Mosque proposals

PUBLISHED: 10:57 26 November 2009 | UPDATED: 14:41 06 May 2010

SIR –To paraphrase the anonymous letter writer from the Herts Advertiser of November 5, there should be far more concern about their views on Islam than the proposed London Colney mosque. To claim we are facing Islamisation on a grand scale would be h

SIR -To paraphrase the anonymous letter writer from the Herts Advertiser of November 5, "there should be far more concern" about their views on Islam than the proposed London Colney mosque.

To claim we are facing "Islamisation on a grand scale" would be hilarious if it were not part of the current culture of fear and hatred of Muslims in this country. If you are going to claim such views then show us the evidence, to claim such assertions without any basis in fact is the very same strategy Nick Griffin uses.

The writer claims this country has been Muslim free for 1,400 years, what does this mean? Muhammad (PBUH) was born in 570 AD and the first Muslim settled in the UK in 1641, so do the maths! The first Mosque opened in Cardiff in 1860, so to say "in the space of 30 years" shows the writer to be wholly ignorant of the facts and reality.

To then state that because other countries have religious strife is justification for not building any more mosques must be met with Archbishop Dr John Sentamu's famous quote: "Don't point a finger at anyone because you'll find three fingers pointing back at you."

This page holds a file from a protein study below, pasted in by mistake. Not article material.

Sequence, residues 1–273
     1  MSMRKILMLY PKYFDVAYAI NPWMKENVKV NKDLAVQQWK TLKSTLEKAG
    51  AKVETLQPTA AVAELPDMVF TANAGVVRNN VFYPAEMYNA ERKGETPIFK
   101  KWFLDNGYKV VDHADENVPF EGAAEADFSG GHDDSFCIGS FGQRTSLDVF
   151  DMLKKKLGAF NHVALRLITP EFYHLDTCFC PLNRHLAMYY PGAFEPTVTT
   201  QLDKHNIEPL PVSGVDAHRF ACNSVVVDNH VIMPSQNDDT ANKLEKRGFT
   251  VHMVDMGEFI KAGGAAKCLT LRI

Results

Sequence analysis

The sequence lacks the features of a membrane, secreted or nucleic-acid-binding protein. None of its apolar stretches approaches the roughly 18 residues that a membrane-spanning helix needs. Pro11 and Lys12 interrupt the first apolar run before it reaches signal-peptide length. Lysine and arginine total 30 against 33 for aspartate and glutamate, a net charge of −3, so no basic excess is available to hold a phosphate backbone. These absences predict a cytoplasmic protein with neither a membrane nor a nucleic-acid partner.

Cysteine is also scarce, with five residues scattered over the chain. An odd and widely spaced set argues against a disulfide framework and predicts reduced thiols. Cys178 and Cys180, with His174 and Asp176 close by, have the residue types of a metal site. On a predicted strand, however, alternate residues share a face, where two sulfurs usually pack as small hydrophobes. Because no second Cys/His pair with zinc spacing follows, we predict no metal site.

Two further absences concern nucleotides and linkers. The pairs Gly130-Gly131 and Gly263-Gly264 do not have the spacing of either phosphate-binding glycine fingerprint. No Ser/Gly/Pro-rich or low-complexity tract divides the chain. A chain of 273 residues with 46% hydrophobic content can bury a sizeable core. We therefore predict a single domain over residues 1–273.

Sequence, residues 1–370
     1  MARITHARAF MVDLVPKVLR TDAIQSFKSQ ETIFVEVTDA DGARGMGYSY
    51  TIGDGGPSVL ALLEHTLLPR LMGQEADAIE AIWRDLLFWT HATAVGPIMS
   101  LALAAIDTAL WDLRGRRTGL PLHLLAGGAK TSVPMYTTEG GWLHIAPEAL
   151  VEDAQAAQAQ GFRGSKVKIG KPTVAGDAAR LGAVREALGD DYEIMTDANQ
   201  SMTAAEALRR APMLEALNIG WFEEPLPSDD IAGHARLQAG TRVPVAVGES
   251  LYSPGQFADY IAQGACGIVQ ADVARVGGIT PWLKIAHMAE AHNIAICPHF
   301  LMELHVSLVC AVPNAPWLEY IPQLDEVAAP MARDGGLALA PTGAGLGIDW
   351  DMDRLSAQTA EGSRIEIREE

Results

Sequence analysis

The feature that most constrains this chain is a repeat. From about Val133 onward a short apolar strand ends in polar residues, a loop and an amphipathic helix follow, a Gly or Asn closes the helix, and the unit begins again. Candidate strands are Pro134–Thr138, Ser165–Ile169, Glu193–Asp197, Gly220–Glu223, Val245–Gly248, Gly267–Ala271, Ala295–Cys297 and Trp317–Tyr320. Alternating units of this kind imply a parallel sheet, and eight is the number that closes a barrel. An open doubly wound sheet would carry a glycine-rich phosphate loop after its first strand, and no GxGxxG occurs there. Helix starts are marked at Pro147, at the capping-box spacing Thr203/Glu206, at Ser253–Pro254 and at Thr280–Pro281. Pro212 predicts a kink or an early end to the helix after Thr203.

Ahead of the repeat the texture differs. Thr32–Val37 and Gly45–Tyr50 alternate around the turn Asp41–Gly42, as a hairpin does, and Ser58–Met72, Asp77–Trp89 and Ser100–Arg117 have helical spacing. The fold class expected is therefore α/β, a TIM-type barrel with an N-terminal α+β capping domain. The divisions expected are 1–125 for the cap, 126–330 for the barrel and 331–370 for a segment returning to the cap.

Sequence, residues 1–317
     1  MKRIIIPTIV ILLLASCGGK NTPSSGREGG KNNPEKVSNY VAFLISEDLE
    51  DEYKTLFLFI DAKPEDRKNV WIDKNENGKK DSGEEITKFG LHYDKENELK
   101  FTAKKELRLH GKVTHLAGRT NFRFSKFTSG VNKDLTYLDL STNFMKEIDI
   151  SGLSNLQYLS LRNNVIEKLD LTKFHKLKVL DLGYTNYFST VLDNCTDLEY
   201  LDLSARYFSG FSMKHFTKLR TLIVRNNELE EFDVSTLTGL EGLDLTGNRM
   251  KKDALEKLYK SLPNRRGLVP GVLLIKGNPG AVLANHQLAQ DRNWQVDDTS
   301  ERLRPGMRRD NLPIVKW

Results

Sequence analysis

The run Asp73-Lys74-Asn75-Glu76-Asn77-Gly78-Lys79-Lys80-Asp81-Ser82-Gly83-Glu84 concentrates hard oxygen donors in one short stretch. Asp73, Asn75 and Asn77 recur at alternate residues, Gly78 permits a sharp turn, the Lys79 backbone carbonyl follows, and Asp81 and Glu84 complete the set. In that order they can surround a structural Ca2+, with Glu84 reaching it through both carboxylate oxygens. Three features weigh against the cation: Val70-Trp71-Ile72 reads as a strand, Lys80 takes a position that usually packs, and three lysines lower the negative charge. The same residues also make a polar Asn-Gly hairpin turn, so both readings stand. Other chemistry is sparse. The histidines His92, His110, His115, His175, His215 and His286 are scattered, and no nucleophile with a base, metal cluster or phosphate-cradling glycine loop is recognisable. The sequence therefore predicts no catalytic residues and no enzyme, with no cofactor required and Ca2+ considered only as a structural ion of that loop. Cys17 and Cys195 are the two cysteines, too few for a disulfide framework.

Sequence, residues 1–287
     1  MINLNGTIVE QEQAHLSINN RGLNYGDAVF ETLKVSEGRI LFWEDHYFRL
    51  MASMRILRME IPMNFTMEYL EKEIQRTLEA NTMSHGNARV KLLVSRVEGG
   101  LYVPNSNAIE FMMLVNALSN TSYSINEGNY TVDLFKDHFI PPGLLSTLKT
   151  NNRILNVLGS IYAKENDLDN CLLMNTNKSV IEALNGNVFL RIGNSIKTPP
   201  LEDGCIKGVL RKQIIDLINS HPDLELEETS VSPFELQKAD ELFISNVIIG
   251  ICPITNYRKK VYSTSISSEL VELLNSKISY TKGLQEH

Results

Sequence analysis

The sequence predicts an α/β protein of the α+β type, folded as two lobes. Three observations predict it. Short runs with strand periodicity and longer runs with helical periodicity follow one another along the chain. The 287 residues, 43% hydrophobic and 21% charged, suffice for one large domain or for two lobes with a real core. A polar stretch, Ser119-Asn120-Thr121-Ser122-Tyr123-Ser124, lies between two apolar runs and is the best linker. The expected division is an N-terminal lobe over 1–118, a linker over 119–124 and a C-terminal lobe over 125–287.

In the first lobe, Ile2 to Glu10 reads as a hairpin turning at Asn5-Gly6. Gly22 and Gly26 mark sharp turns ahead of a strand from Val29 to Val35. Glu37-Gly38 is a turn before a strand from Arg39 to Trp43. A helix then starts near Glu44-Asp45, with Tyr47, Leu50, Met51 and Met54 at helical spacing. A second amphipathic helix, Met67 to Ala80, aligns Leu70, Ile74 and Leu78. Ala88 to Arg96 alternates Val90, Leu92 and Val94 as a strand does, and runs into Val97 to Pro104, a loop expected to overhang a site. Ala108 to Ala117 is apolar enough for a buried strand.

Lastly why was the writer anonymous? Was it because the writer believes their own lies about Islam and is holed up in a bunker or is it because they are a member of the BNP and spread lies and hatred in this thoroughly underhand way? So come on tell us who you are and respond to my letter if you dare.

TONY HARRIS

Harpenden Road, St Albans

SIR - How about this for a novel idea? Let's reject the application for a mosque purely on planning grounds - the applicant has not provided anywhere near the detail in the application as is required, including times of use, vehicle data, highways plan, etc.

They have quoted 50 or so people to use the facility but have pledges from 100 families and require a further 200 families to pledge funds - £530,000 to buy it and £150,000 to convert it probably.

We assume they might like to use their investment. Doesn't sound like a small project to me.

LEN RODELL

Lowbell Lane, London Colney

SIR - I wish to put the record straight with respect to the planning application for the proposed additional mosque in London Colney.

There have been numerous letters printed recently providing various perspectives of history over the past 1,400 years. Many thanks for the lessons but I really fail to see the significance this has in relation to this planning application.

As a local resident and someone who will be directly affected by the proposed mosque I object to the planning application.

The scale of the proposed development is wholly inappropriate for the location. But my objection and that of other local residents should not be mistaken as an objection to an individual's right to worship.

Cultural, religious or ethnic concerns that certain individuals may have cannot be entertained within the planning process and the application must be decided on planning terms.

Mary Brosnan reported the main issues in her article "Traffic fears over new mosque plans" in the October 29 edition of the Herts Advertiser. These centred on the traffic and parking issues that such a development would obviously generate and the impact this would have on the local community and environment. These, added to noise and pollution are the main causes of concern.